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Rocks, Maine

Not on view

Rocks, Maine

Artist: Betty Parsons (American, 1900 - 1982)

Date: 1938
Medium: Wax crayon, black ink, and blue fountain pen ink on medium-weight wove paper from a tablet
Dimensions:
Overall: 10 7/8 x 13 3/4in. (27.6 x 34.9cm)
Signed: '
Inscribed: Recto, lower right (blue ballpoint [?] ink): Betty P / BP / [38?]"; verso, upper center (graphite): "Top"; left center, (graphite): "No 6" (upside down); right center (blue ink): "Maine"
Credit Line: Gift of the Mr. and Mrs. Alan D. Gruskin Collection
Object number: 91.26.4
Text Entries

Parsons traveled extensively and always sketched impressions of the environment in which she found herself. Lawrence Alloway said of his friend Parsons, “Her way of living is mobile; at the very least she alternates between New York and the North Shore of Long Island, but the journeys are often much more . . . [her work is] the analogue of this impulsive, peripatetic, hasty style of life.”(1) Indeed, to describe the inspiring effect that a beautiful landscape had on her, Parsons often invoked the characteristics of immediacy and spontaneity. She referred to the sensation she derived from the quality of light or the colors of a season as “excitement.”(2) Drawing, therefore, suited Parsons well; she said, “I love to draw because it’s a very sensitive way to convey this excitement.” Early in her career, she favored watercolor for its instantaneousness; it was, she said, “like a telegram.”(3) The MWPI work was rendered largely in grease crayon, a medium Parsons also used as a young artist; she found it limited, however, by its lack of subtlety. Parsons liked pastels as well, but she found them impractical for travel.

Parsons visited friends in Maine frequently and eventually bought a house there. Her biographer, Lee Hall, stated that Parsons “considered Maine vaguely exotic—a serene and almost holy place.”(4) The MWPI work evokes the spirited presence of place that Parsons found so compelling. In a naive style she defined space hierarchically by positioning objects toward the top of the page to indicate receding perspective. The composition was quickly captured with pen-and-ink outlines of the shimmering water, rocky seashore, and trees. Parsons then freely scribbled in colors of both naturalistic description and intuitive sensation. Pink and yellow reflections mingle with varying shades of blue and green that compose the water. The rocks are either pink and green with gray shading or mixed shades of brown with blue. Selected passages of black puncuate the rocks with deep shadows. The sandy beach is indicated by bright yellow and ochre crayon. A lawn, rendered in two shades of bright green interspersed with strokes of orange, abuts the beach. A large boulder in the upper left and two willowy trees with sparse branches complete the image.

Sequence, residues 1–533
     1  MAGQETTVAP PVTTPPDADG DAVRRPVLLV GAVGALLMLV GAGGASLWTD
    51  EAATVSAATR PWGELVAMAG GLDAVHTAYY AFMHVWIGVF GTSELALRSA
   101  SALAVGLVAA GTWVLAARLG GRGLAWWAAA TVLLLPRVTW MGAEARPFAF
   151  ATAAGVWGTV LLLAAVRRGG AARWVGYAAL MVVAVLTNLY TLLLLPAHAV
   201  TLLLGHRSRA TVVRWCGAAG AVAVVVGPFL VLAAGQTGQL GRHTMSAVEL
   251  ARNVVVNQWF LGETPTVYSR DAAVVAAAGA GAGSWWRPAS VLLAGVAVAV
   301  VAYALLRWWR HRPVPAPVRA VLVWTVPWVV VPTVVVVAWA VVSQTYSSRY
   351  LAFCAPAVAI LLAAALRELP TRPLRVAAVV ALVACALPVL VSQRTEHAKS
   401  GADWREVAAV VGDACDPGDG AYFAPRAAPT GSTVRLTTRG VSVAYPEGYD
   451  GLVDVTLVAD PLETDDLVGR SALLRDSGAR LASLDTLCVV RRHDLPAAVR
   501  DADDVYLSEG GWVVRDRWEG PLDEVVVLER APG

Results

MEM

1. Alloway, introduction to the checklist for Parsons’s 1966 Bennington College exhibition; he further stated that even when Parsons turned to abstraction in 1947, her images continued to be a “record of coasts and country.” See Betty Parsons Papers, Archives of American Art, Smithsonian Institution, Washington, D.C., microfilm N69-105, frame 57. The author would like to thank the Betty Parsons Foundation for permission to cite this material.

2. Transcript of a September 5, 1968, interview with Alloway, Betty Parsons Papers, microfilm N69—105, frame 180.

3. Ibid., frame 181.

4. Lee Hall to author, May 11, 1993.

 

Copyright
Presumed copyright: the artist or the artist's representative/heir(s).